The majority of defendants in these trials did not deny their involvement in the war crimes concerned; instead, these defendants argued that their conduct was consistent with Japanese norms, beliefs and practices. How were these culturally influenced arguments of the defence interpreted by other trial participants in the Singapore Trials? This article explores the different interpretations given by trial participants to culturally influenced arguments of the defence. Many of these divergent interpretations stemmed from the cultural distance between trial participants. A number of judges did however modify their understandings after being exposed to similar defence arguments over several trials. Other Japanese participants took advantage of cultural differences and adjusted their arguments in anticipation of how they thought non-Japanese trial participants would react. In other words, while some participants were limited by cultural differences, others used such differences in a strategic manner. The Singapore Trials were thus the site of varying and contested interpretations.

Part 2 of this article positions the Singapore Trials against other multicultural trials and scholarly debates about cross-cultural interpretation issues at trial. I then introduce the reader to the historical and legal context of the Singapore Trials in Part 3. In Part 4, I analyse common culturally influenced trial arguments put forward by the defence and trial participants’ interpretations of defence arguments. I conclude by observing that though defendants were permitted to raise culturally influenced arguments in these trials, due to conflicting interpretations, this did not result in sustained discussion or improved understanding of the defendants’ motivations and conduct.

"The Wage Penalty of Dialect-Speaking" Free Download
Tinbergen Institute Discussion Paper 16-091/V

JAN C. VAN OURS, Erasmus University Rotterdam (EUR) - Erasmus School of Economics (ESE)
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YUXIN YAO, Tilburg University - Department of Economics
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Our paper studies the effects of dialect-speaking on job characteristics of Dutch workers, in particular on their hourly wages. The unconditional difference in median hourly wages between standard Dutch speakers and dialect speakers is about 10.6% for males and 6.7% for females. If we take into account differences in personal characteristics and province fixed effects male dialect speakers earn 4.1% less while for females this is 2.8%. Using the geographic distance to Amsterdam as an instrumental variable to dialect-speaking, we find that male workers who speak a dialect earn 11.6% less while for female workers this is 1.6%. Our main conclusion is that for male workers there is a significant wage penalty of dialect-speaking while for female workers there is no significant difference.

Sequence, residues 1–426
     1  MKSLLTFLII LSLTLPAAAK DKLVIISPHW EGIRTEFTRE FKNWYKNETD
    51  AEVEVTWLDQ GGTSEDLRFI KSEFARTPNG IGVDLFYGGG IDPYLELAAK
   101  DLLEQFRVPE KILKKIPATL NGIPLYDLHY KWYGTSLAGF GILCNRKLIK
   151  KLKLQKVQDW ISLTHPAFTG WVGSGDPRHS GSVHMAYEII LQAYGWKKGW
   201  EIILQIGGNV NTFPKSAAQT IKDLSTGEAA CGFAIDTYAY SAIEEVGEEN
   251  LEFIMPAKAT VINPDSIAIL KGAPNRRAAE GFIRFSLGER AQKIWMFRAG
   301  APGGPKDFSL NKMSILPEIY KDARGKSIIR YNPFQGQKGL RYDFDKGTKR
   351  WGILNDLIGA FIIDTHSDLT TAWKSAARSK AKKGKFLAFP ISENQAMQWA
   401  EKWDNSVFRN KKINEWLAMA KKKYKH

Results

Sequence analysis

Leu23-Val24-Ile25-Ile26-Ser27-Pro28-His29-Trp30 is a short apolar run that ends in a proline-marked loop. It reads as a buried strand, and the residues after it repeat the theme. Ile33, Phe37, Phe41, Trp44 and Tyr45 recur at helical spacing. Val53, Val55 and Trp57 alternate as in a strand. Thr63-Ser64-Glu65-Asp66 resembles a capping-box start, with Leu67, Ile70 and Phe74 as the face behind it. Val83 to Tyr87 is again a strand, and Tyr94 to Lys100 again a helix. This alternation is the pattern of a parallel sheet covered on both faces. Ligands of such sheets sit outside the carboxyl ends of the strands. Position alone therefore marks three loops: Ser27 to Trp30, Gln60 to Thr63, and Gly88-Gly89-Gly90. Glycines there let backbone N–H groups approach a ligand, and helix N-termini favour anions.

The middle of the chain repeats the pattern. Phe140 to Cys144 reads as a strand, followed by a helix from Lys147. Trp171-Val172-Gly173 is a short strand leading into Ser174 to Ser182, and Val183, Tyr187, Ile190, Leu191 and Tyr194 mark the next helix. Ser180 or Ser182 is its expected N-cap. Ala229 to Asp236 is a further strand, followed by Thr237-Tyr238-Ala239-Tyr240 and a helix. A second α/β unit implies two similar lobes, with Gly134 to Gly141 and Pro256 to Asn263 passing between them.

"Government R&D Investment Decision-Making in the Energy Sector: LCOE Foresight Model Reveals What Regression Analysis Cannot" Free Download

JUNGWOO LEE, Korea Advanced Institute of Science and Technology (KAIST), Korea Institute of Energy Technology Evaluation and Planning (KETEP)
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JAE-SUK YANG, Korea Advanced Institute of Science and Technology (KAIST)
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Governments that prioritize R&D investment, future R&D investment decision-making depends on performance-based budgeting. Governments evaluate outputs and outcomes of R&D programs regularly and budget for next year on the basis of program assessment. However, existing assessment methodology disregards long-term technology development where in sector such as the energy sector takes a long time for technologies to progress from R&D to commercialization. This paper is a comparative analysis of existing R&D assessment models and the new foresight model developed from the point of view of government. Probit and ordinary least squares (OLS) models are used to analyze the performance of projects built on past R&D investment. The foresight model, which is based on the levelized cost of electricity (LCOE), is discussed in comparison. Results of the regression analysis show that government investment in market expansion of renewable energy technologies is minimal in Korea. In contrast, the LCOE foresight model results show that renewable energy technologies are appropriate targets for government R&D investment. The foresight model should be utilized for government R&D decision-making in the energy sector because it brings to light hidden information, including learning rates and technology dynamics, which remains unaddressed when analyzing using existing R&D assessment models.

"Of Temples and Territory: The ICJ's Preah Vihear Decision and Implications for Regional Dispute Resolution" Free Download
University of the District of Columbia Law Review, Forthcoming

SALLY TYLER, University of the District of Columbia - David A. Clarke School of Law
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Encompassing questions of cultural heritage and border demarcation, the temple complex of Preah Vihear has grown as a symbol of identity and self-direction in both Thailand and Cambodia. A 2013 International Court of Justice interpretation (of a 1962 decision) set the stage for cooperative management of the site, but political struggles and an ASEAN dispute resolution framework which is more rhetorical than realistic have stalled the process. Greater economic cooperation between the nations, including creation of a maritime Joint Development Area in the Gulf of Thailand, may serve as a model for constructive engagement. The paper examines the conflict's historical background, analyzes the ICJ decision through legal and cultural lenses, explores the impact of nationalist political rhetoric on public opinion, and posits new approaches to conflict management and bi-lateral engagement.

"The Strategic Potential of Community-Based Hybrid Models: The Case of Global Business Services in Africa" Free Download